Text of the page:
Shasta County’s top law enforcement officers called the Blueprint for Public Safety a somewhat flawed document but gave it a passing grade Tuesday during a meeting of the Redding Merchants Crime Watch group at the Red Lion Hotel.
Other local government leaders were a little more charitable. Redding City Councilman Brent Weaver, who was instrumental in commissioning the Matrix Consulting Group in Mountain View to produce the $155,000 study, gave the 260-page document “a solid B.”
Shasta County Supervisor Leonard Moty suggested a grade of “B-minus or lower” and criticized the report for not providing more on “how we can do better with the resources we have.” Shasta County Sheriff Tom Bosenko went with a B-minus and said some of the basic recommendations, like increasing jail staff, “are not a news flash.”
Commissioned last April, the blueprint is a response to a growing sense of fear and frustration over crime rates, an overcrowded county jail and issues like vagrancy, vandalism and theft associated with a more visible homeless population.
Redding Merchants Crime Watch is a group of business owners and concerned citizens created last year to share tips, strategies and information about criminal behavior. The group had its first discussion about the blueprint on Tuesday.
“The blueprint is not the answer—it’s the starting point,” said Moty, a former Redding police chief. “It shows the need for cities and the county to work together.”
Weaver said the study will help the Redding and Anderson city councils and the Shasta County Board of Supervisors make strategic decisions rather than simply throwing more money at the problems of crime and homelessness.
“In the new world we live in, we have to look at the root causes” otherwise taxpayers will not get a return on their investment in more officers and jail beds, Weaver said.
Redding Fire Chief Gerry Gray, who was promoted to chief just before the blueprint was released, called the report “a remarkably successful document” that offered 23 “tier zero” recommendations that could be acted on without spending additional money. “Rolling this out and talking about it is a big part of the process,” Gray said.
Redding Police Chief Rob Paoletti said he butted heads with the consultants over some of their staffing and scheduling recommendations. In particular, Paoletti questioned whether Matrix took into consideration Redding’s size (61 square miles) and the mandated 24 hours of training the city must perform each year with all of its sworn officers.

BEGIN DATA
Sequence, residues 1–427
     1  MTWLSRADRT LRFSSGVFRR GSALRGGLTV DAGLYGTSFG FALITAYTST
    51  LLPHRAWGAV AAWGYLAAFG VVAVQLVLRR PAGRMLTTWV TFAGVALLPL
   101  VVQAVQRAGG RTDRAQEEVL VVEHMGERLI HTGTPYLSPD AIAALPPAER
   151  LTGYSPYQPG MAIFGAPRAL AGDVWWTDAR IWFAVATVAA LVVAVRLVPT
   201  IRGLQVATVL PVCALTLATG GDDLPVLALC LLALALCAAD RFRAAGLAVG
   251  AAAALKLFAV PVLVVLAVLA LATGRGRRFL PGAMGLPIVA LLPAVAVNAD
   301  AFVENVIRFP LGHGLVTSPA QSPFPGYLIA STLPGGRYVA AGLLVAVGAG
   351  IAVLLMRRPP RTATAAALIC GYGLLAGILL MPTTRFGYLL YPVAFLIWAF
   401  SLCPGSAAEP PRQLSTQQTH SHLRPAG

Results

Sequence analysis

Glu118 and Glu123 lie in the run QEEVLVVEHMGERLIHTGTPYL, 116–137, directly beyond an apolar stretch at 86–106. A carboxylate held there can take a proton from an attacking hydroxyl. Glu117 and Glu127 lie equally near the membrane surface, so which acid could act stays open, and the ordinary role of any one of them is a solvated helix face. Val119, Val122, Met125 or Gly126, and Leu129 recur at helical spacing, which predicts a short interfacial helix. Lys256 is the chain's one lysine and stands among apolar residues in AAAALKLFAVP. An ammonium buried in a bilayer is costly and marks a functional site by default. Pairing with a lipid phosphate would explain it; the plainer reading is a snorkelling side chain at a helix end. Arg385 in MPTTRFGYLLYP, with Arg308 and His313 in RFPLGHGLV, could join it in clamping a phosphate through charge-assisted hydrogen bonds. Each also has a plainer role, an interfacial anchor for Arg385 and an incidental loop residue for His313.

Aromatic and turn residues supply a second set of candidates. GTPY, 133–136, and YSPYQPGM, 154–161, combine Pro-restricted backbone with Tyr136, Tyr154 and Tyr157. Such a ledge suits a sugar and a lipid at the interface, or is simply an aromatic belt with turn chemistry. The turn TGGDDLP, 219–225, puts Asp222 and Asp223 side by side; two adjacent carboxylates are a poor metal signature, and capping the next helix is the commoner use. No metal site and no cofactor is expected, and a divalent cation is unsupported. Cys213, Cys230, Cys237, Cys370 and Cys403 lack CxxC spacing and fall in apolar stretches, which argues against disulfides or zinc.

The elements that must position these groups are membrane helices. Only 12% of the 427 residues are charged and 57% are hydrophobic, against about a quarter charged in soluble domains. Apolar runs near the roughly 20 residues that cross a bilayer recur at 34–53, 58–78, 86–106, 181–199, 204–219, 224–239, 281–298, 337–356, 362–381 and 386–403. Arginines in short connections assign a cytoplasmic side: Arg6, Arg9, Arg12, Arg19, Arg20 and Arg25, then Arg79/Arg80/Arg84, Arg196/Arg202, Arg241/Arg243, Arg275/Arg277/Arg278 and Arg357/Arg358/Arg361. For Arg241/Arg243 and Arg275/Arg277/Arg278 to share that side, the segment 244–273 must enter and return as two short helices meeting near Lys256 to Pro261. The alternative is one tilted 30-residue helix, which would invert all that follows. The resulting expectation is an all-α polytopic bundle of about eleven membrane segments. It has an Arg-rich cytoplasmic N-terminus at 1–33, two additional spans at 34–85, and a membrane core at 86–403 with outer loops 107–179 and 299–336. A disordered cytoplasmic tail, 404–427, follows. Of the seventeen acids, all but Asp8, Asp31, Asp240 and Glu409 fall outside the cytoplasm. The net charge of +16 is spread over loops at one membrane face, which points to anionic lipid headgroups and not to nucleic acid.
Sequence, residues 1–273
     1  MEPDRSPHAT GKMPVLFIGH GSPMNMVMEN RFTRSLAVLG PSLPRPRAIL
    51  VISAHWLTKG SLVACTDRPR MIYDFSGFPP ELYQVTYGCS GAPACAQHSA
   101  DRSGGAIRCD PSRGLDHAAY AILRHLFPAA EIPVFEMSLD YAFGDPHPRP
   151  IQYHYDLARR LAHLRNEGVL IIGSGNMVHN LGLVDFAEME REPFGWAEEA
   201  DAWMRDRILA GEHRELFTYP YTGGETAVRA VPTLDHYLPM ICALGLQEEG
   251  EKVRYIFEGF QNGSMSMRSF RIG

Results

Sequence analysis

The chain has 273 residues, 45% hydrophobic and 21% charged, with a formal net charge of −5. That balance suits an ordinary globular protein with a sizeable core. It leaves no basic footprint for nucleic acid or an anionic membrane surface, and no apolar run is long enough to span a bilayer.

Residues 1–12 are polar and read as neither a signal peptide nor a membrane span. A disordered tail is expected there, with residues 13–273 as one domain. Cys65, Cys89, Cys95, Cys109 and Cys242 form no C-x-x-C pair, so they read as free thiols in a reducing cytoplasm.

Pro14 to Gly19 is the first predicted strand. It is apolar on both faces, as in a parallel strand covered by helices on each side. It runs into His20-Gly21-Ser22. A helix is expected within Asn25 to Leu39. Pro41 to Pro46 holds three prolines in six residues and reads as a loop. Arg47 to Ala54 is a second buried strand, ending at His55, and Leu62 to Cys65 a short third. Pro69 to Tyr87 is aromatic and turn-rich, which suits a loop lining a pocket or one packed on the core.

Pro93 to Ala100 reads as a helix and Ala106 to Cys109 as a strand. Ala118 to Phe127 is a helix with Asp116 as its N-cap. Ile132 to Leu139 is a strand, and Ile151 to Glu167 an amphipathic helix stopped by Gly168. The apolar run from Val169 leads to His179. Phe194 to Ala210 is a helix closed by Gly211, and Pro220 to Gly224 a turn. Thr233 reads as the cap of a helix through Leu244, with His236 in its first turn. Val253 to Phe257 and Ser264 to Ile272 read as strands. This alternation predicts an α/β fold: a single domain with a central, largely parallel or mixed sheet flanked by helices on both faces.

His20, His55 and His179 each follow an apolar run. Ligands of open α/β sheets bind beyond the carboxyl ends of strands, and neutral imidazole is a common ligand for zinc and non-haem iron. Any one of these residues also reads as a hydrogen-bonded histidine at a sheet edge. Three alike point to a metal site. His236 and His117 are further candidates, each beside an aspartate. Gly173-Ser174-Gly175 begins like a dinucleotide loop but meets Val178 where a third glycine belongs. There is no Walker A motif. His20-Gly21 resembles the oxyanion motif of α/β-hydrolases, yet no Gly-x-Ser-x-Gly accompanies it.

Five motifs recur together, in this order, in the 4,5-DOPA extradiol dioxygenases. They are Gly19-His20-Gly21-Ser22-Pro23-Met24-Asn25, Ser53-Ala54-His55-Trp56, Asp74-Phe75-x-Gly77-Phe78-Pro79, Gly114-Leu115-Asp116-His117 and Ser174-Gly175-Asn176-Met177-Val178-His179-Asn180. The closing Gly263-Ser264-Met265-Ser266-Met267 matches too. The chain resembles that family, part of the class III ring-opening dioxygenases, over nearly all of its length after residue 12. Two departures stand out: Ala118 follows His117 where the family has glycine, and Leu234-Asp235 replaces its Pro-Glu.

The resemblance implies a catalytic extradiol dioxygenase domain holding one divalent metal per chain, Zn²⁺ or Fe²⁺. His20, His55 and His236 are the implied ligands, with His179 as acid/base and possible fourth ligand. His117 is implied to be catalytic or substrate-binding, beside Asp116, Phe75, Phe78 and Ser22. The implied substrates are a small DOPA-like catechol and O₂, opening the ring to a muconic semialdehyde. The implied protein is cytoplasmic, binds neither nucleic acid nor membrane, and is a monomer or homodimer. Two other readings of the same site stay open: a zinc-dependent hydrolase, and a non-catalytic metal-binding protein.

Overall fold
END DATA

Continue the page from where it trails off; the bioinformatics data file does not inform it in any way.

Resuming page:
Officer injuries (many related to combative drug offenders) and budget constraints have stretched the police force so thin that the wait for service on emergency calls now averages 16 minutes, Paoletti said.
“To me, that’s a long time to hide in the bathroom while somebody is in the front of the house,” Paoletti said.
Bosenko said the Great Recession forced the county to close the Breslauer Lane Jail Annex and the Crystal Creek Men’s Camp, resulting in the loss of 160 beds, “and then they hit us with 109.” He was referring to AB 109, the Public Safety Realignment Act, which was enacted in 2011 to reduce California’s prison population by diverting certain non-violent offenders to county jails and shifting their post-release supervision to county probation officers instead of parole agents.
“We now have guys doing nine years,” Bosenko said. “We need more staffing and bed space, but how do we pay for it?” The daily rate to house one inmate is $115, he noted before rhetorically asking if that money couldn’t be better spent on enhanced drug and alcohol treatment and education.
An implementation committee is reviewing the 100-plus recommendations in the report before it is returned to the City Council and Board of Supervisors for further action. Implementation team members include Shasta County Executive Officer Larry Lees, Redding City Manager Kurt Starman, Moty, Weaver, Bosenko, Paoletti and Anderson Police Chief Michael Johnson.
Photos by Jon Lewis.